Moon Neo MiND streaming UPnP renderer

USB interfaces, clocks, and soundcards
Moon Neo MiND
Moon Neo MiND streaming UPnP renderer

The streaming world has all but been cracked, but there are still many audio enthusiasts who have a good, existing system with a range of fine digital products from a previous generation. They have no real way of adding streamed music content from a local or online source to their existing system and have no real inclination to sack a fine digital product from the bygone age of maybe a decade or so ago. For them, the Moon Neo MiND streamer is the perfect tool.

MiND stands for ‘MOON intelligent Network Device’. It’s not the first UPnP renderer MiND device in Moon’s arsenal, but this one is designed to be a little more ‘shelf-friendly’, with its gently rounded front panel and solid Neo series build quality. It also takes advantage of a couple of years of development over the original box, and that makes things just that little bit smoother and easier.

The Neo MiND doesn’t feature an in-built DAC. Instead, it has an Ethernet port, a slew of traditional digital audio outputs (Coaxial, TOSlink, AES/EBU), a pair of aerials for wireless/Bluetooth play, and a trio of 12V triggers for multiroom use. Simply connect the streamer to your local network (wired or wirelessly, the manual is comprehensive enough to make both pretty easy), download the iDevice or Android app to a phone or tablet on the same network, and you are done.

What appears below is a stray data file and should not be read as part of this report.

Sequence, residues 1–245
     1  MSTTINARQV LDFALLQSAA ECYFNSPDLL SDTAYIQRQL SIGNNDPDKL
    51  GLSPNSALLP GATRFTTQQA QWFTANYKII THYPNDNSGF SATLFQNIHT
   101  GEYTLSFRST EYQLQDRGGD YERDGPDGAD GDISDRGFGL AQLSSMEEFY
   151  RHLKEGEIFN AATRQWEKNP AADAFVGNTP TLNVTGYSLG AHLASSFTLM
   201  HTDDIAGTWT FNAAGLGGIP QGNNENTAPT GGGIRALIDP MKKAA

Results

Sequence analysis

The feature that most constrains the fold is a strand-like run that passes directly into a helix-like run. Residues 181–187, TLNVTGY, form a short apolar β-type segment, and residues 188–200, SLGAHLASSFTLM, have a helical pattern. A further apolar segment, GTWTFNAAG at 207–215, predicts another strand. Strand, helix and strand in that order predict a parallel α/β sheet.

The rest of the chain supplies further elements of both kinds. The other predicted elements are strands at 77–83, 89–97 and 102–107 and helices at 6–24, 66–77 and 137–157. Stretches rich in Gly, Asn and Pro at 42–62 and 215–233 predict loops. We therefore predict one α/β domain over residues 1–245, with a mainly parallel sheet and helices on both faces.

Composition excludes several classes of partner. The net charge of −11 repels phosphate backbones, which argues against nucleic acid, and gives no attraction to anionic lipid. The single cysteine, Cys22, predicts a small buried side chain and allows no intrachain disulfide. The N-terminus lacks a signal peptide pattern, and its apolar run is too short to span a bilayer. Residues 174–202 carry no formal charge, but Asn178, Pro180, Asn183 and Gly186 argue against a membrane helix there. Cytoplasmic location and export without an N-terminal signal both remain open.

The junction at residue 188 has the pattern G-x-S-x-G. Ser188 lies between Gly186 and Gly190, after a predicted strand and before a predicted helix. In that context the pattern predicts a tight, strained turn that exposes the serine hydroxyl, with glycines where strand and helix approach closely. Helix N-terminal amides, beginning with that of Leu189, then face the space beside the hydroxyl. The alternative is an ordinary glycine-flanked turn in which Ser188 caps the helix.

The app works well too, albeit using a paged menu system instead of more immediately intuitive apps like Linn Kinsky, or Naim’s app, and especially Roon. If anything, the one point against the Moon Neo MiND (aside from repeatedly typing out that lower case ‘i’) is it lacks Roon support. Given the cost of the Neo MiND relative to the cost of a full Roon license, this is possibly not a deal-breaker, especially as we have been reliably informed (by Dr. Seuss, no less) to see some Roon in the Moon, soon!

I used the Neo MiND in a wired Network with a Naim Uniti Core doing the music serving, and with a trusty-but-rusty Wadia 121 DAC as converter, through its S/PDIF input. Attaching it to the Wadia is a perfect example of the Neo MiND’s primary use; a well-loved DAC that was designed in the early part of the century, and supports 24/192 PCM and USB, but has no provision, and no possible upgrade path, for network connections. The Moon Neo MiND has enough digital outputs to allow most DACs to retain their original connections (if this Wadia were connected to a CD transport via S/PDIF, there was still AES/EBU and Toslink available, and either of these could also be fed by the Neo MiND. In effect, the Wadia 121 ‘sees’ the Neo MiND as just another digital transport. The use of S/PDIF has another advantage, as it allows direct comparison between the output of the Naim Uniti Core and the Neo MiND playing the same tracks, because the Naim has its own BNC-equipped digital output.

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